A reliable furnace is a must to keep your RV nice and toasty through any fall or winter journey. However, your RV furnace is going to need to be replaced at some point, and it can be difficult to determine exactly what you need. But choosing a replacement gas heater doesn’t have to be complicated or exasperating. In fact, by following this RV furnace replacement guide, it can be incredibly easy.
Finding Your Replacement Ducted Propane Furnace
The simplest way to choose a replacement ducted propane RV furnace is to find a model made specifically as a replacement for your current model. Follow the easy-to-use chart below to quickly identify which Atwood RV furnace replacement model corresponds to your current RV furnace.
|Original Model||Replacment Model|
|Atwood 36542||Atwood 32723|
|Atwood 36543||Atwood 32723|
|Atwood 36545||Atwood 32719 AFSD16111|
|Atwood 36548||Atwood 32715 AFSD12111|
|Atwood 36566||Atwood 32719 AFSD16111|
|Atwood 36913||Atwood 32653|
|Atwood 36915||Atwood 32650|
|Atwood 36917||Atwood 32659|
|Atwood 36919||Atwood 32656|
|Atwood 37635||Atwood 32675 or Atwood 32690|
|Atwood 37636||Atwood 32684 AFMD30111|
|Atwood 37963||Atwood 32663|
Make sure to check the dimensions of the replacement models, as some are sized a bit differently from their predecessors. While the fit is very close, newer replacement models have slightly deeper dimensions than older models. If the cutout doesn’t fit, a trim ring or bottom discharge kit can be purchased to help the RV furnace fit correctly.
Keep in mind that any furnace that was made to replace another will have the same British Thermal Units (BTUs)* and similar amp draw and ignition. It will also use the same type of fuel as the older model.
For those who have never had a propane RV furnace before, had a model other than one listed above, or are simply not aware of their previous model number, continue reading to find the perfect furnace for your RV.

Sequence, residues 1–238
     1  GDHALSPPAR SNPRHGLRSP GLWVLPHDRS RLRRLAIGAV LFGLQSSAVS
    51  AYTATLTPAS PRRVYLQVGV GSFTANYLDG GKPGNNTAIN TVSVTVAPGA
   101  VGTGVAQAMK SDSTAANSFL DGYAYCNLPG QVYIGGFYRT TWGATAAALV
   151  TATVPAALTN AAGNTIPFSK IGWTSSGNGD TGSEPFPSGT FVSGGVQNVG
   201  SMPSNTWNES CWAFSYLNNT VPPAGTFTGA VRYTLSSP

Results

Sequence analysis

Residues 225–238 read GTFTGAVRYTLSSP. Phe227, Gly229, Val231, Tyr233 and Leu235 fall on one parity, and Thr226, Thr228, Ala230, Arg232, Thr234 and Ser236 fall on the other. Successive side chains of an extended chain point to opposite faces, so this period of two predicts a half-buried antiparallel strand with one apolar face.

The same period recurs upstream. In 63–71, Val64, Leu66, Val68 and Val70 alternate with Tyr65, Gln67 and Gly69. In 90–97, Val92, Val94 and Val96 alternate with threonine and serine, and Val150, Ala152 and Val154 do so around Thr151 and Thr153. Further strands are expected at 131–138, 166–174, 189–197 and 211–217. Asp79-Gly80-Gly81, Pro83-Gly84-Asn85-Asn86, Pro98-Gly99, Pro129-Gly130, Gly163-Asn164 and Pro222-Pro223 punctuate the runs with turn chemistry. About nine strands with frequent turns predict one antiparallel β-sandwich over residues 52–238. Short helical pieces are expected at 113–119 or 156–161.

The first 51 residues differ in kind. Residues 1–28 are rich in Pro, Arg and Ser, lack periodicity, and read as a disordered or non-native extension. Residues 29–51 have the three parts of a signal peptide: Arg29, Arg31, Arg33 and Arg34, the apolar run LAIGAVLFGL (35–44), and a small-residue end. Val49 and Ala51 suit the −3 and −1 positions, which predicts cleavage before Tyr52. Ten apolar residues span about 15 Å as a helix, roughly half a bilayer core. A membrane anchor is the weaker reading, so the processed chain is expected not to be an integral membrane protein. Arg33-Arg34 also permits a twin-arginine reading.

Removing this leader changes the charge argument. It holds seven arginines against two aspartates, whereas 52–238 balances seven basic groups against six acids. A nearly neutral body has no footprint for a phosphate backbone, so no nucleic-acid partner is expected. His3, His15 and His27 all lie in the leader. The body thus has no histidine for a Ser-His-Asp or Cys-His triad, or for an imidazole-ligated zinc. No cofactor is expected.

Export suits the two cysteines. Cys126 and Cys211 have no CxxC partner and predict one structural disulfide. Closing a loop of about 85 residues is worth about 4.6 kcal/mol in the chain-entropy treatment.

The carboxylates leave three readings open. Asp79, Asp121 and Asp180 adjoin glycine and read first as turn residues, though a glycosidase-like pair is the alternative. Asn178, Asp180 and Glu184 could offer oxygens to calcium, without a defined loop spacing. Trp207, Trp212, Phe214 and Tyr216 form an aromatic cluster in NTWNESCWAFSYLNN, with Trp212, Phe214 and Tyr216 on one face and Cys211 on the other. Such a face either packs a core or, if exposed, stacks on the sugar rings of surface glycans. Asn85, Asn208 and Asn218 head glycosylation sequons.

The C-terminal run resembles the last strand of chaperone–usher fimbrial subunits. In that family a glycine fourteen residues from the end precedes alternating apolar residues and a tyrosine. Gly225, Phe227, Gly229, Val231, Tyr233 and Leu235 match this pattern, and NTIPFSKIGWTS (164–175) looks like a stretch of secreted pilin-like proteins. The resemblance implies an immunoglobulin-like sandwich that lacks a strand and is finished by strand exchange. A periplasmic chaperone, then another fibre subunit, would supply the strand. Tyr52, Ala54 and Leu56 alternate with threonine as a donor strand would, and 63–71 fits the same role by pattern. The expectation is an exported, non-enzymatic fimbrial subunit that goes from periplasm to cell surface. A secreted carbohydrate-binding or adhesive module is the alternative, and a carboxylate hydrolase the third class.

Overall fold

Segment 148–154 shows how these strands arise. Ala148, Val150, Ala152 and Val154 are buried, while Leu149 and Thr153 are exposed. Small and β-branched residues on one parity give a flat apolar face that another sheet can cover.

*BTU is the amount of heat required to raise the temperature of 15.34 fluid ounces of water by one degree Fahrenheit.
1. How Much Space Do You Have for Your RV Furnace?
If you weren’t able to find an exact replacement furnace for your RV, don’t worry. There are other methods of finding your perfect RV furnace.
The first step is to measure to see what size of RV furnace will fit in your existing cutout. If you’re looking for a standard suburban RV furnace, your measurements need to be precise. You can then use the chart below to find which Atwood RV furnace model corresponds to your current cutout measurements.
|RV Furnace Size||Atwood RV Furnace Model|
|12” W x 7” H x 20” D||Atwood 32715 AFSD12111|
|Atwood 32719 AFSD16111|
|16.5” W x 7” H x 20” D||Atwood 32663|
|Atwood 32684 AFMD30111|
|16.5” W x 9” H x 20” D`||Atwood 32650|
2. How Large of an Area Are You Heating?
When you’re looking into purchasing a new RV furnace, you need to consider the size of the space you’d like to heat. Do you want a unit that will heat the entire RV or are you looking for more localized heat?
To determine the BTU input required for your RV, check the data plate on your current furnace. Your replacement RV furnace should be the same BTU size or a close equivalent. The larger the RV furnace, the greater the heat output and coverage area will be. Make sure to not oversize your furnace – too much heating capacity can cause rapid cycling and reduced comfort levels.
Also, keep in mind that different climates also impact your heating needs. Warmer climates require about 25 to 35 BTUs per square foot. In colder climates, as much as 45 to 60 BTUs will be needed.
3. How Would You Like to Power Your RV Furnace?
There are two options when it comes to powering your RV furnace: alternating current (AC) or direct current (DC).
An AC system is similar to one that you’d find in a typical home. Bigger appliances like microwaves, air conditioning units and power outlets tend to run off an AC system. A DC system runs off one or more battery systems installed in your RV. Typically, lights, fans, water pumps and electronics run off DC power.
Both systems are connected and work together. If you have AC power coming into your RV, it will charge up your DC system via a converter device. Most RVs also have an inverter device, which turns DC power into AC power. While most people prefer to use a DC-powered furnace, Boat & RV Accessories does offer options for those needing or wanting an AC power alternative.
And if you’re looking for an energy efficient furnace, you can rest easy. Atwood’s newest RV furnace models offer the same energy efficiency as their predecessors, which were designed to maximize air distribution while keeping the amp draw low.
Purchasing a new RV furnace doesn’t have to be confusing if you go into it knowing what you need and what you want.